Subprime Crisis and Financial Globalization

The purpose of this study is to bring to light the mechanism of an economy and banking system. The study focuses on the subprime crisis that has hit the US in the last two years. The study throws some light on the adverse effects of the crisis on the US as well as other economies of the world. The study also mentions the recent shutdown and take-over of Lehman Brothers and also the problems faced by AIG to borrow money.

Literature Review

One of the most important responsibilities for the Fed is that of ensuring monetary stability in the economy, which can be achieved through a combination of stable prices of goods and services across the economy coupled with a low inflation level and level of confidence of the investors in the currency of the country. The Fed comes out with the monetary policy in order to ensure certain key objectives like delivering price stability with a low inflation level coupled with an objective to support the government’s economic objectives of growth and employment. To understand how the Fed monitors price related regulations to keep a check on inflation, we may consider a small example of the regulation of house and property prices. To take any decisions related to interest rates keeping in mind the ongoing inflation rate, the Fed must be thorough with the booming property prices and must take steps to ensure that the prices are not artificial.

Government intervenes through its central bank to regulate the prices of many commodities; similarly, it also regulates the prices of houses like any other important commodity. Fed has the responsibility to keep a check on asset prices, including the prices of houses. There can be a number of reasons why the prices of houses may shoot up, as the simple rule of demand and supply has a definite impact. (Demand and Supply for Housing).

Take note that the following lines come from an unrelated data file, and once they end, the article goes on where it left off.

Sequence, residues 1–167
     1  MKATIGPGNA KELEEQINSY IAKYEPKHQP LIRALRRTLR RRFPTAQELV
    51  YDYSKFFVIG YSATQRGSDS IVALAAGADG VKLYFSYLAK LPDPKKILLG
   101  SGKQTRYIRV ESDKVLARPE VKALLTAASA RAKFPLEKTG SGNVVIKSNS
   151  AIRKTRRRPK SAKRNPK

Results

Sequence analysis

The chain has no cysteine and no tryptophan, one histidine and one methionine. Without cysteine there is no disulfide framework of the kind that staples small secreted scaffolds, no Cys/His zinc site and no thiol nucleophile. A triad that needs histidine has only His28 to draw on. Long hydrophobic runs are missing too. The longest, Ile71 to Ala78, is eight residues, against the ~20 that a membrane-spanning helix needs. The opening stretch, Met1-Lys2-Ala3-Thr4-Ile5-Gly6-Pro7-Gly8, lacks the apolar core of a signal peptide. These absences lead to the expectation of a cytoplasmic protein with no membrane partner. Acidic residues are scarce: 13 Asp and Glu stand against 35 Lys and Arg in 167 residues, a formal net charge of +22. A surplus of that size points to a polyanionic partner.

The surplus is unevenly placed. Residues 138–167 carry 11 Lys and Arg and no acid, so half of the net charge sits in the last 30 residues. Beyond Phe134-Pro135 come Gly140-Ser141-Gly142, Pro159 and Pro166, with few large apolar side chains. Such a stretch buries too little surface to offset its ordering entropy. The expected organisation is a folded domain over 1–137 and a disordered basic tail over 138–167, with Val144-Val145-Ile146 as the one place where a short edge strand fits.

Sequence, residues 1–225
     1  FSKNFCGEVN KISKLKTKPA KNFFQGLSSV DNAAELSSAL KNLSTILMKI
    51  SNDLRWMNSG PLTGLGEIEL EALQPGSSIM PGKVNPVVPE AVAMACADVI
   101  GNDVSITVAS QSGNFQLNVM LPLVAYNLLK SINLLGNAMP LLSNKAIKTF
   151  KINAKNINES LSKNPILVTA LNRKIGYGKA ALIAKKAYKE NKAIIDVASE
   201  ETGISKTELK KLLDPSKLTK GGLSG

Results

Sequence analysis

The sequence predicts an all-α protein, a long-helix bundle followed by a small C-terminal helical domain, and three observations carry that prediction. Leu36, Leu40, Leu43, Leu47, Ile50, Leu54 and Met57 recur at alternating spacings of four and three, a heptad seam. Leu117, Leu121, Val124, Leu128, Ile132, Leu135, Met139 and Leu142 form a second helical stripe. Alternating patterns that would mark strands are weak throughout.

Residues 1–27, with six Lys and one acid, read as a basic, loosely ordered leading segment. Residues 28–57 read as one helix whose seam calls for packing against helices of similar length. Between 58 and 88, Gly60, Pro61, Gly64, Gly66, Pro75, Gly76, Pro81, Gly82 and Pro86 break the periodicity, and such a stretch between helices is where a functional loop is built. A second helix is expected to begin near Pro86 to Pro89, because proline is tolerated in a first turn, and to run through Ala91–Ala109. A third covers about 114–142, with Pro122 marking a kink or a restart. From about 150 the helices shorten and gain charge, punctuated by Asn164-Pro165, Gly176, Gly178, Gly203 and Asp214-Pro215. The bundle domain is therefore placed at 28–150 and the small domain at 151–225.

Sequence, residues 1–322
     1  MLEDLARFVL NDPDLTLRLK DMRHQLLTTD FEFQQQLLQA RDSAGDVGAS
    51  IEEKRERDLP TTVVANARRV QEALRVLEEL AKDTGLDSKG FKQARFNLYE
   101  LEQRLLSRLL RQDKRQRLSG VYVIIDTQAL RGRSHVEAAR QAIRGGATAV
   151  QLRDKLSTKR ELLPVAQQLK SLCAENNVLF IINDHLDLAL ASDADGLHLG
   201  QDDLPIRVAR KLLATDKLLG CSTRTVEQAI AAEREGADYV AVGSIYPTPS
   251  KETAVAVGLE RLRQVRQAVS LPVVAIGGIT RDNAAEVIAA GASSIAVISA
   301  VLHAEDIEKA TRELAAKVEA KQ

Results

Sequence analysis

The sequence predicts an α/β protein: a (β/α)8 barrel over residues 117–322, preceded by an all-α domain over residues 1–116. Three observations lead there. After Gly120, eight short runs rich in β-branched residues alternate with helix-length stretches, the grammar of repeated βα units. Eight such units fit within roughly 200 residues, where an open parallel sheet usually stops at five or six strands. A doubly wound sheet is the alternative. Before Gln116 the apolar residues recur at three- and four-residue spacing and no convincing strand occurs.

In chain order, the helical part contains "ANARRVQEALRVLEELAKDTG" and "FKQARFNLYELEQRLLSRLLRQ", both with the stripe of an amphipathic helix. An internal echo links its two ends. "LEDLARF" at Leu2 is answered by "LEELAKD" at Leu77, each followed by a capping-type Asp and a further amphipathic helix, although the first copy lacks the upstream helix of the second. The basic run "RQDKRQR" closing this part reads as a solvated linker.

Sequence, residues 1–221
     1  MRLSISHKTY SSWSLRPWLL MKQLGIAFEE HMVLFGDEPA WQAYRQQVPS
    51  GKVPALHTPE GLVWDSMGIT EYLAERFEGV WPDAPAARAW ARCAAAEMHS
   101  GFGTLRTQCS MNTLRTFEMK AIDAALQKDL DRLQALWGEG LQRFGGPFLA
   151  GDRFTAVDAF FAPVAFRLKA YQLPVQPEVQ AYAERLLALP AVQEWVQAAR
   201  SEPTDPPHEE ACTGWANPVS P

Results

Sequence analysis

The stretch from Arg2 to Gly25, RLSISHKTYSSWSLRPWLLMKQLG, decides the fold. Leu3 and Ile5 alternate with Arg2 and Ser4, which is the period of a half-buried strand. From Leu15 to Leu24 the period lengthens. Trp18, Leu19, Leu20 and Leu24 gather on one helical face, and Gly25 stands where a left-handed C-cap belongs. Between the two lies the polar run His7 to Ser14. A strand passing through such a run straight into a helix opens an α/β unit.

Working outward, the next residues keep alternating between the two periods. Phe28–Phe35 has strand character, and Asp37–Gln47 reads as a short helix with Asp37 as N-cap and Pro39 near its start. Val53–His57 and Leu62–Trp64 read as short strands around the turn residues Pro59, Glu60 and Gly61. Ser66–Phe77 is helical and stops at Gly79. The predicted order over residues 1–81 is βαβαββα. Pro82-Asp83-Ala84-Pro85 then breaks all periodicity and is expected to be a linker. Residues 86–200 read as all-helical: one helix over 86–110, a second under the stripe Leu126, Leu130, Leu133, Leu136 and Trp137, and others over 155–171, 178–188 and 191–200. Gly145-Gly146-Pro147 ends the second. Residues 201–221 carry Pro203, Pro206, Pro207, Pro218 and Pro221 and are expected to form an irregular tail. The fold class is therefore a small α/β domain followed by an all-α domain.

Another reason behind a change in property prices can be Mortgages. A mortgage is the money borrowed to buy a house, as for most people buying a house is not easy. Over the years mortgage market has picked up greatly, and the current scenario is totally different from the one that existed in the beginning. Mortgages were supplied only by the building societies. Building societies were non-profit institutions and encouraged only the members for the grant of loans, so the people who were members and had contributed to an extent for a considerable period of time got loans easily and account with building societies became the only means to get mortgages. Soon these societies had to compete with the banks and other financial institutions specialized in granting housing loans. This price war resulted in a greater demand for owner occupied houses, and consequently, the demand for houses grew stronger, resulting in a substantial increase in price. (The UK Housing Market – Factors Influencing the Housing Market: Mortgages).

Besides the above-mentioned factor of mortgages, there are other factors like stamp duty and planning that affect the market for housing. Mortgage interest relief at source (MIRAS) was a tax concession to owning a house. It reduced the house owner’s liability to income tax as the money spent on the interest on the mortgage was considered to be tax-free. This made borrowing cheaper, and, as a result, there was a huge demand for housing, and the prices shot up. With the introduction of MIRAS in 1990, many people were exempted from stamp duty (The UK Housing Market – Factors Influencing the Housing Market: Stamp Duty and Planning).

The central bank sets a fixed interest rate at which it lends money to financial institutions and depending on this interest rate, individual banks and other financial institutions set up their own interest rates, which apply to the whole economy. This step is of indispensable importance to the economy, as this is very widely used to contain inflation. The only purpose behind such a step is to contain undue inflationary levels prevailing in an economy. The point to be noted here is that this interest rate set by the Bank of England is so effective and powerful that it chips in greatly to regulate the whole economy. It affects the stock and bond prices and also influences the asset prices throughout the country. This interest rate also regulated the savings in an economy, which eventually results in capital formation and reinvestment. It is noted that when interest rates are high, people prefer to invest money in government deposits that are less risky in nature than the stock markets and, similarly, high-interest rates boost up the savings.